Missoula's jazz scene appears as strong as ever. More local restaurants and breweries have begun to offer live jazz on a weekly basis. Every Sunday night people sip special cocktails at the Badlander's Jazz Martini night to the soundtrack of local groups like the Freemole Quartet and the Donna Smith Trio. The living room concert series known as Daly Jazz hosts big-ticket musicians from New York City to the Bay Area and everywhere in between, for intimate local crowds of 40 people every month. A side order of live jazz, as it turns out, is something of a draw again in Missoula.
This rising tide makes annual festivals like Jazzoula and the Buddy DeFranco Jazz Festival more apt. As Jazzoula wraps up on Thursday, the Buddy DeFranco Festival kicks off with two nights of music from a handful of nationally renowned musicians, plus a few key locals. It's time for standards, originals, improv, bebop, cool and hot jazz. On that note (ha!) here are a couple of highlights you won't want to miss.
Lee Konitz is a rebel. When Charlie Parker's fast tempo, multi-note bebop style was the flavor of the day for 1940s jazz musicians, Konitz was busy paring down notes, shifting time signatures and playing around with unexpected phrasing. Isn't it romantic to think about jazz musicians experimenting in some rundown New York apartment behind a Chinese laundry? That's exactly what Konitz did in those days as part of what would later be called the cool jazz movement. Those musicians (including Parker) were looking for a new way to play jazz. Konitz and the rest of them recorded with the Miles Davis Band over several studio sessions and a couple of live gigs for the 1957 Capitol Records release of the famous Birth of Cool album.
At 83 years old, Konitz is essentially a living history of the genre. He's been there for Dixieland, big band styles, bebop, cool and hot jazz. But he's famous for always being committed to experimental, avant garde and alternative. Just what we like to hear.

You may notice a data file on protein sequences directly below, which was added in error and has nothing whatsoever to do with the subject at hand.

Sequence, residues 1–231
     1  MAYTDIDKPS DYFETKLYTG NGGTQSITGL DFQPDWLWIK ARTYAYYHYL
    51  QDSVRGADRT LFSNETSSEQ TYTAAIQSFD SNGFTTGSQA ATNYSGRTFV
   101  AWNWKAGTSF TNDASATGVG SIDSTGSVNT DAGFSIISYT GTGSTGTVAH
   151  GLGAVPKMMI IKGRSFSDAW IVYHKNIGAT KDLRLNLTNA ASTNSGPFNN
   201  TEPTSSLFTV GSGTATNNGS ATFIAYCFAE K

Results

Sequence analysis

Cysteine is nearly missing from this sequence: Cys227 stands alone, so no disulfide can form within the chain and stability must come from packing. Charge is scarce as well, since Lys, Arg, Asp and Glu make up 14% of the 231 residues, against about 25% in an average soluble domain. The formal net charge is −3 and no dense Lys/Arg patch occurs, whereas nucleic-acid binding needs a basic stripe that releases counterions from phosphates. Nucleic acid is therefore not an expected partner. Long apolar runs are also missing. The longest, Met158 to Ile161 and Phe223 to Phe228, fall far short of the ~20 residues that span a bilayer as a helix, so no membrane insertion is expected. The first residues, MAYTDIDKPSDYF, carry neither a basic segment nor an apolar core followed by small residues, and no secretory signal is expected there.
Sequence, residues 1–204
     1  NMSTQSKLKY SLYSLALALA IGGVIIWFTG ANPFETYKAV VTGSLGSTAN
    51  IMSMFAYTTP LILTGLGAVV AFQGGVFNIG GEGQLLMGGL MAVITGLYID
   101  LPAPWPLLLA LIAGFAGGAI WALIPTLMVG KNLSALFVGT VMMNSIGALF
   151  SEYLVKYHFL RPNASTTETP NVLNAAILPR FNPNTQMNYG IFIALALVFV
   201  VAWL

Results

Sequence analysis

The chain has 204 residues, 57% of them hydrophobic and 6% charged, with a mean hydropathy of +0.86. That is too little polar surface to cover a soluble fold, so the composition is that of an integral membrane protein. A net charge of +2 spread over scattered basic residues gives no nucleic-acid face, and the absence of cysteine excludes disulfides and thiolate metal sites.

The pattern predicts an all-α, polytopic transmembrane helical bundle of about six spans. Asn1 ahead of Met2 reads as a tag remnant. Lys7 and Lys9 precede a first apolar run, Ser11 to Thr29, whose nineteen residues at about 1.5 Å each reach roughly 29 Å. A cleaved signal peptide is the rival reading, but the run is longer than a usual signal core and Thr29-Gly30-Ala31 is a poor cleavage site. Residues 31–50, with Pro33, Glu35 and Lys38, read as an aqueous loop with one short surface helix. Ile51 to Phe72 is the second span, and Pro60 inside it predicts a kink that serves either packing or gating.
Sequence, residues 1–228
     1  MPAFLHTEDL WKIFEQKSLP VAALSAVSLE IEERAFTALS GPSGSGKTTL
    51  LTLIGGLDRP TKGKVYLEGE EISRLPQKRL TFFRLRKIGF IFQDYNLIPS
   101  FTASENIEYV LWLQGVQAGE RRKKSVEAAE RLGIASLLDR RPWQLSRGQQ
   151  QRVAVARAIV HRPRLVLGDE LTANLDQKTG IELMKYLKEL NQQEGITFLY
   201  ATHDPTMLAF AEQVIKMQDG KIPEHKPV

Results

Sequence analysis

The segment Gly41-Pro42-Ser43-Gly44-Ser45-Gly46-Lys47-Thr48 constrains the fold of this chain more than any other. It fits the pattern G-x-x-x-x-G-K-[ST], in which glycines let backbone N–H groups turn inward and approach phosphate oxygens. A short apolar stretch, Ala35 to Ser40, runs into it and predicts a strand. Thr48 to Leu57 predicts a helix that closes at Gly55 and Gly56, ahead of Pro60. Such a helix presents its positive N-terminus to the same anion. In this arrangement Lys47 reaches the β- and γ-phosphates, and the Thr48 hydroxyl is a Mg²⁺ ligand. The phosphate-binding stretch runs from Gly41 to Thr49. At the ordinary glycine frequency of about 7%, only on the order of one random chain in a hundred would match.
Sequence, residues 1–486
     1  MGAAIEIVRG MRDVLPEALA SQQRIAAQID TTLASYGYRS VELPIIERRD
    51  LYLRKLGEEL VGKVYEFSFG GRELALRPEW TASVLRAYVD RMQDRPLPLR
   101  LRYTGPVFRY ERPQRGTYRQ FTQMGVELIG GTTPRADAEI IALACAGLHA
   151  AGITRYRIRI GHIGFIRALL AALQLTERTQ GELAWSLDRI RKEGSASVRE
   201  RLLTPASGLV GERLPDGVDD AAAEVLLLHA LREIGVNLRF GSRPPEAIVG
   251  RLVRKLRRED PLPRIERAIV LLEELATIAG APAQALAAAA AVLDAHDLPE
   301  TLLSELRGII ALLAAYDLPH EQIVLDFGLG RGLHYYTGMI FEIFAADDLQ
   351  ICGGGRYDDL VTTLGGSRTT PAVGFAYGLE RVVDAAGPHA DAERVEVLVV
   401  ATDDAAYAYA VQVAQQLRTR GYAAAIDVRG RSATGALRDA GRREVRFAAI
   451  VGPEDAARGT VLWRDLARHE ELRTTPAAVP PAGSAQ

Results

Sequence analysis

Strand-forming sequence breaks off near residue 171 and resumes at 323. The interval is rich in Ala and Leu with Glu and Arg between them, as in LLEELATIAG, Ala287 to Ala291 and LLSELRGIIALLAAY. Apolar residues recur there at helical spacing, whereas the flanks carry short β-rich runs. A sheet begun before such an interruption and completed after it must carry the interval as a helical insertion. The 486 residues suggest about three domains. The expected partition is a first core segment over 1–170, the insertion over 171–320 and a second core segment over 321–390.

You couldn't get a bigger contrast to Lee Konitz than Grace Kelly. The 17-year-old saxophone player is just now on the up and up. And unlike Konitz, Kelly sticks to more conventional forms of jazz. But if there was a country of bebop, she might get elected the youngest president of it considering her airtight fluency.
Here's how thing have gone so far for the prodigy: At 12 years old she recorded an album. At 14 she played with the Boston Pops. Last year, when legendary trumpet player Wynton Marsalis saw Kelly guest perform for the Lincoln Center Orchestra, he invited her to join his ensemble in Washington, D.C., for a Martin Luther King Jr. Day/Inauguration Eve concert. Piano crooner Harry Connick Jr. heard Kelly in a master class one afternoon and brought her on stage to sit in with his band that very night. She's been named the youngest alto saxophone rising star by Downbeat magazine readers, and the Boston Music Awards called her the city's Outstanding Jazz Act.
Despite her more conventional style, Kelly happens to be a student of the more experimental Konitz. And for the Buddy DeFranco Festival this year, you'll get to see them play together on Saturday night at the University Theatre in what could be a very interesting clash of titans (and certainly better than the movie).
On Friday night you can see the man of the hour. Buddy DeFranco is now 87 and continues to play his clarinet with no sign of quitting. He started playing when he was 12, helping his blind father support his impoverished Philly family with music. As a young man, he spent a year playing with the Count Basie Quartet and eight years as bandleader for the Glenn Miller Orchestra. He's been named Jazz Master by the National Endowment for the Arts and inducted into the Jazz Hall of Fame. Like Konitz, he's lived through an entire history of jazz from its golden eras on through to harmonic revolutions of "hot house" jazz. He's got that sort of breadth of life that most of us only read about in stories or, in many of your cases, see on television.
Jam session at St. Anthony's Parish
After taking in the scene at the University Theatre on Saturday night, you can head down to St. Anthony's Parish at 217 Tremont Street to get in on the late night jam session. All the Buddy DeFranco musicians will be there, including others we didn't mention here, like local jazz piano slinger David Morgenroth.
It's great to see musicians in a music hall giving a nice clean performance, but when it comes down to the essence of jazz, it's all about the after-hours party.
The Buddy DeFranco Jazz Festival hits the University Theatre Friday, April 23, and Saturday, April 24, at 7:30 PM nightly. $24 per night/$42 both nights. Jam session kicks off at St. Anthony's Parish Saturday, April 24, at 10 PM. $5. Check out www.umt.edu/defrancojazz for more info.